BeatPark is a mobile musical application designed for the rehabilitation of patients suffering from Parkinson disease.
It is known that the gait impairments associated with Parkinson disease are alleviated by auditory cueing. Our ambition is to maximize these benefits with adaptive stimulations. Our application combines the pleasurable experience of listening to music with a reeducation program of gait which can be conducted in ecological conditions.
BeatPark consists in remote sensors capturing patients’ footsteps, wirelessly connected to the smartphone running the application. An algorithm, developed and tested in the lab during the European FP7 project BeatHelath, controls the occurrence of musical beats respected to foot landing. Our theoretical approach relies on the modelling of the locomotor system as an oscillator whose the entrainability depends on its intrinsic properties (Damm et al., 2019). BeatPark architecture embeds the specificities of biological oscillators and ensures an optimal coupling between the musical beats and the patient’s steps (Dotov et al., 2019).
45 patients tested the usability and the safety of a rehabilitation program based on BeatPark during a preliminary study (Cochen De Cock V, et al., 2019). We are now in the process of recruiting 396 patients to quantify the potential benefits of BeatPark during a 4-week auto-rehabilitation program. The present clinical trial is coordinated by Clinique Beau Soleil and supported by the SATT AXLR, Air Liquide and France Parkinson. Patients will be recruited across 17 centres in France.
Euromov DHM researchers:
EuroMov DHM clinicians:
Dr Valérie Cochen de Cock
Dr Cécile Aerts
The ReArm project has 3 parallel aims :
The study aims to determine the added value of combining high-definition transcranial direct current stimulation (HD-tDCS) in a rehabilitation program based on virtual reality therapy (VRT) to potentiate the effects on neuroplasticity and further improve functional recovery of the arm in chronic stroke patients
The study aims to understand use dependant brain plasticity in people with stroke, both in terms of frequencies of cortical waves measured in functional EEG and in terms of activations of cortical regions measured in functional NIRS.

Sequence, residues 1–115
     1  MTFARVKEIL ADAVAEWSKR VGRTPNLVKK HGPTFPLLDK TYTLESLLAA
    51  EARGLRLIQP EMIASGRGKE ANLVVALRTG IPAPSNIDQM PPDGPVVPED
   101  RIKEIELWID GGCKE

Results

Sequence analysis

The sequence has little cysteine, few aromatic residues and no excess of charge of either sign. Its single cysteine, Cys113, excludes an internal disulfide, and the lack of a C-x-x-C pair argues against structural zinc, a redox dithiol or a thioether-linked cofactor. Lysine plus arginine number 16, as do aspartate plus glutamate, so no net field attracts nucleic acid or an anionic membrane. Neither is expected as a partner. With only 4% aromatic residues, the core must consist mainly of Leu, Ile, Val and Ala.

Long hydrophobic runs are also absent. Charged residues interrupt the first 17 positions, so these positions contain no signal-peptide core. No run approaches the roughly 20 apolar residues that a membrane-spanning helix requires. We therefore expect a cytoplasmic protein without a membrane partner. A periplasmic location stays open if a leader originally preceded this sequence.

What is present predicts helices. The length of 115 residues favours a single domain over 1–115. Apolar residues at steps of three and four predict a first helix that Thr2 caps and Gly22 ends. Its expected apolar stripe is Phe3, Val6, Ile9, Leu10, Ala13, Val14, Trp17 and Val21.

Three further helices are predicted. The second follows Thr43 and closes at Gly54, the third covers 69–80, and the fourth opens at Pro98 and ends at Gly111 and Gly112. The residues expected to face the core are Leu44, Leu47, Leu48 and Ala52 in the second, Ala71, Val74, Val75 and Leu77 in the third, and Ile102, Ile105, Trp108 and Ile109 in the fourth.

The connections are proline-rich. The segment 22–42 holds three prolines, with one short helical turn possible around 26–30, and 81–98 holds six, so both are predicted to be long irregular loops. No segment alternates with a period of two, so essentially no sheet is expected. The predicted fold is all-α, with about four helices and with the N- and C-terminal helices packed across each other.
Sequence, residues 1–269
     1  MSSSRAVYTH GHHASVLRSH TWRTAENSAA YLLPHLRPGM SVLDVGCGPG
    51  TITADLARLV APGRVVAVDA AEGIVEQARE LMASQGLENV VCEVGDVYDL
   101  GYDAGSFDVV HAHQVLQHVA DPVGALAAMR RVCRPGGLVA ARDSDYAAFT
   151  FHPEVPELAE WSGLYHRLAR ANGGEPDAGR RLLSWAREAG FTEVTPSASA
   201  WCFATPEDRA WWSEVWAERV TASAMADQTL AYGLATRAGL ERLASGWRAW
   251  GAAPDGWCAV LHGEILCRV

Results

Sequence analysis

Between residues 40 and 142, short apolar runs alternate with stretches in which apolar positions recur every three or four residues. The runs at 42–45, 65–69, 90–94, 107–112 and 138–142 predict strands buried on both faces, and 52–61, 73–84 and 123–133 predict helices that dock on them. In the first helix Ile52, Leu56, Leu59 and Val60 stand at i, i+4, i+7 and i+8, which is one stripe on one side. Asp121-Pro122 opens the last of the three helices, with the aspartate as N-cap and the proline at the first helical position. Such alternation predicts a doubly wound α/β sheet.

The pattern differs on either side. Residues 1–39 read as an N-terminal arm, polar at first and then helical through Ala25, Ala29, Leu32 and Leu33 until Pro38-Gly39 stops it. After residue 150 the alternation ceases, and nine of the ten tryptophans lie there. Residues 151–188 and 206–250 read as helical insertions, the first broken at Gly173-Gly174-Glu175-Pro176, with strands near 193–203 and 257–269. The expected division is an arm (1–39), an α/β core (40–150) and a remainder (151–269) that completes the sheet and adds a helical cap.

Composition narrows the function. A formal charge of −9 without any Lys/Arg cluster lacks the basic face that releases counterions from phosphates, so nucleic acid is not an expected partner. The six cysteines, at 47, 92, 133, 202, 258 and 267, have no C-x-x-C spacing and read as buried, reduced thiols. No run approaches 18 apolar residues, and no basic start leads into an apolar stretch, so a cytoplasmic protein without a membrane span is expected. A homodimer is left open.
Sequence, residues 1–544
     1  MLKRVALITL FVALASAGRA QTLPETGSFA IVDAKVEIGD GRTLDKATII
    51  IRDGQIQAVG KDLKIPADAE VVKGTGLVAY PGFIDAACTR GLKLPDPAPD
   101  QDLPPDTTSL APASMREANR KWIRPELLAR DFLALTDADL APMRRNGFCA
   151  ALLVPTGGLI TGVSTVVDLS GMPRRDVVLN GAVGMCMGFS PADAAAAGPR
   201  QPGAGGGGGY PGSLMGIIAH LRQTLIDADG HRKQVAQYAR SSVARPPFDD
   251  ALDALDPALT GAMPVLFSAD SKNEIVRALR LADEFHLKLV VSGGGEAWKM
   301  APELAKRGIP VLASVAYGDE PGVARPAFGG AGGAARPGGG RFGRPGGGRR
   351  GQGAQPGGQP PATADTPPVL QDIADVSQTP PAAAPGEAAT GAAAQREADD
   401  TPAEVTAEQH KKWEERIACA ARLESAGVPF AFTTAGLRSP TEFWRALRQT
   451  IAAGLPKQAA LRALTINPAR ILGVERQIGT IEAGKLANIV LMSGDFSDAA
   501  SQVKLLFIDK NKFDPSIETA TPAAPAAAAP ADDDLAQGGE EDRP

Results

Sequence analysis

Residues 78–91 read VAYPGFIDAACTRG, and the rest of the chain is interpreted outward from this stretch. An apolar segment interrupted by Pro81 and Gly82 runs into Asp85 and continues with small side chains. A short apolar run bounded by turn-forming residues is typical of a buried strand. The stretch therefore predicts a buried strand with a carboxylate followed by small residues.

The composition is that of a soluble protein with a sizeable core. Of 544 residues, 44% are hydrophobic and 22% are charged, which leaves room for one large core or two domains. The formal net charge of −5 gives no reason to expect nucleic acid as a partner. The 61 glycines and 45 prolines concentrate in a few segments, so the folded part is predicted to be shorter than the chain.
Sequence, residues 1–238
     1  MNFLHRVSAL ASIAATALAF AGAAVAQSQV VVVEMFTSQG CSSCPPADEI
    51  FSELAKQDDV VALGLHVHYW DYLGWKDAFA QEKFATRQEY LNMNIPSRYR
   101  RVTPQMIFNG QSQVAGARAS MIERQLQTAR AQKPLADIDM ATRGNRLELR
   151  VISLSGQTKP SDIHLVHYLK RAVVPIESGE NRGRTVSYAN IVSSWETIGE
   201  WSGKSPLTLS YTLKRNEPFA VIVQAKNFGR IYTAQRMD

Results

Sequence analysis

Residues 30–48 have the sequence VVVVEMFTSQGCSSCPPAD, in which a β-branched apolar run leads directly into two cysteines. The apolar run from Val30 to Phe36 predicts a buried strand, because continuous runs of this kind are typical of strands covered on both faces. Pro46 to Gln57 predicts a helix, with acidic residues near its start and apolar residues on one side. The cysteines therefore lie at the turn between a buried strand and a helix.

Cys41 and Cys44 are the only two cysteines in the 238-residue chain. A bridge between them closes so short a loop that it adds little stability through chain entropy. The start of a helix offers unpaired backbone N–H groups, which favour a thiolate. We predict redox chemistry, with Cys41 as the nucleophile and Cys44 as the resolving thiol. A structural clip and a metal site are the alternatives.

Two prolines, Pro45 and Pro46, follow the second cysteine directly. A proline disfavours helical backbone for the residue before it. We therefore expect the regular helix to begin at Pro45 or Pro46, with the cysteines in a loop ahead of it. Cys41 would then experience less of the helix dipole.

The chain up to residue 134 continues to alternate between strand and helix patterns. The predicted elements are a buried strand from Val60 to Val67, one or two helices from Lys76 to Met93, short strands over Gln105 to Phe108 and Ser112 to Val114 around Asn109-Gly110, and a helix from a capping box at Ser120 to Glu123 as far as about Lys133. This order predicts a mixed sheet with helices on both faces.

The study aims to predict clinical efficiency, patient by patient, through advances in machine learning and multi-criteria decision analysis and by harnessing neurosciences and movement research to derive a biologically plausible and interpretable model.
Recovering arm function post-stroke using HD-tDCS and virtual reality therapy
Movement sciences were born with the development of tools capable of providing objective measurements of the spatio-temporal characteristics of human movement.
In sport, these measurements reveal specific biomechanical constraints, and are the golden standard tool for the understanding of injury mechanisms and performance factors. Motion capture systems are currently based on fixed cameras whose multiple viewing angles allow the position of markers to be reconstructed in 3 dimensions.
The MOVCAP project aims to develop a mobile sports motion capture system embarked on a flying drone. The combination of high precision optical measurement with a mobile system slaved to the athlete’s position will allow unprecedented acquisition of kinematic data under ecological conditions, that is to say free from the physical constraints of the laboratory. This robotic tool will push back the current limits of motion capture by providing continuous, reliable and reproducible measurement of the kinematics of sporting gestures.
The development of this new tool presents high-level robotic, computer and mathematical scientific challenges that the EuroMov DHM (Montpellier University and IMT Mines Alès), LIRMM laboratories (Montpellier University) and the young innovative company Gambi-M have offered to meet with the support of Occitanie region.
PI EuroMov DHM: